We set off for London with a few simple aims – celebrate, enjoy, make memories and we did that. Our mission was fully accomplished in one tiny, profound moment as we walked back to our hotel along the Charing Cross Road.  “You know Mom” he said, “I’m enjoying our time so much I don’t want it to end. I wish this could last forever…”  We smiled at each other both knowing that it will.

Coming of Age

It’s my son’s twenty-first birthday next week and I can hardly believe the years have passed so swiftly. He arrived exactly on his due date and has quietly filled my heart with joy ever since. It’s natural for a mother to feel proud of her son but I’m especially proud of him because his life to date has been far from straightforward and the last few years have been particularly tough for us both.  Years that should’ve been fun and carefree for him were marred by my cancer treatment. He was then diagnosed with anxiety and depression but we both know it had been wrapping its arms around him for several years. I suspect my illness played a significant role in tipping that delicate balance and the thought rests heavy on my soul.

Slowly but surely we are both reconfiguring our lives, learning to live with heartache, uncertainty and confusion safe in the knowledge that whatever happens we’ll find a way through. We know we can’t make up for the carefree years that were stolen away so instead we’re aiming to make 21 extra special, starting from today.

A week of celebrations begins with cake, candles and presents in advance of his actual birthday. It’s the first year that he’s been able to open anything early and we decided to bring this part of the festivities forward because he and I are going away for a few days next week. Carrying everything to London and back would be logistically difficult. Although 21 isn’t technically the year of coming of age (voting and alcohol are both legal from 18) it’s still an important milestone.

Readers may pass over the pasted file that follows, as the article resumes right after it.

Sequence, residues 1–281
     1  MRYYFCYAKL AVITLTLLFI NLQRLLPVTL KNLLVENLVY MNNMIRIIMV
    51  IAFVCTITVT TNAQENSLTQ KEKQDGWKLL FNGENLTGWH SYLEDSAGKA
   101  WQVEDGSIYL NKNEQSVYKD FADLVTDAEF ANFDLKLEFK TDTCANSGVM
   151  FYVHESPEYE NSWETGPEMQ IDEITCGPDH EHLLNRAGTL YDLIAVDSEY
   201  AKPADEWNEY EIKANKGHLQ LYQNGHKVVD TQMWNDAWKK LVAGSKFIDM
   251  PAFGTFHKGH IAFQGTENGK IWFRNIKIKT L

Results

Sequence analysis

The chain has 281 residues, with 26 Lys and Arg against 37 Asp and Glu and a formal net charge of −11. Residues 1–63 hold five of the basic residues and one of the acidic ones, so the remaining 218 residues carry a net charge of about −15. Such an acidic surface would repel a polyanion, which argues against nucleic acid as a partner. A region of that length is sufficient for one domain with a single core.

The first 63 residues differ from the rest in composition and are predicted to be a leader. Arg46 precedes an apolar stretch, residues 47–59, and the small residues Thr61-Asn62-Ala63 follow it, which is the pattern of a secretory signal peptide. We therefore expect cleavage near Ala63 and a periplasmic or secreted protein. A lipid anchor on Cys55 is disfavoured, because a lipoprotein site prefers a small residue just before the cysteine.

When he was 18 I put together an A – Z photo album of words and pictures representing who he is and what he loves.  There were other presents that year but the photo album is the one he treasures most. This year I’ve been busy researching all the events of 1993 as well as occurrences that took place on the day of his birthday over the course of the last 21 years.  This task has been made much easier through the wonders of the interweb! Having found a host of 1993 events plus a notable occurrence on each of his birthday’s from 1993 to 2013, I’ve turned them into illustrations – cartoons with a snippet of information about the event – to make a unique present he can look back on in years to come.  There are other presents too but I’m hoping this one will join the photo album among his favourites.

Our trip to London is the first time we’ve been away together for far too long. He loves the hustle and bustle, travelling by tube, street performers in Covent Garden, the glazed ducks and bright orange squid hanging in the windows of China Town’s restaurants, the smell (and taste) of all that Chinese food. He also loves the theatre so this visit includes a couple of surprise West End shows which are sure to be a lot of fun. Both productions will have us singing like song larks for the rest of the week so by the time next weekend arrives we’ll be hoarse, in serious danger of annoying anyone in earshot, or both!

I’m glad we’ve been able to secure this time together, that nothing else has impinged on it, that we are both in reasonably good health and can go away for a few days to create some new, happier memories for his coming of age.

(These pictures were taken last weekend. He played for over 5 hours in a charity football tournament with all the proceeds going to St. Peter’s Hospice and raised over £1000. Another good reason for me to be proud of him 🙂 ).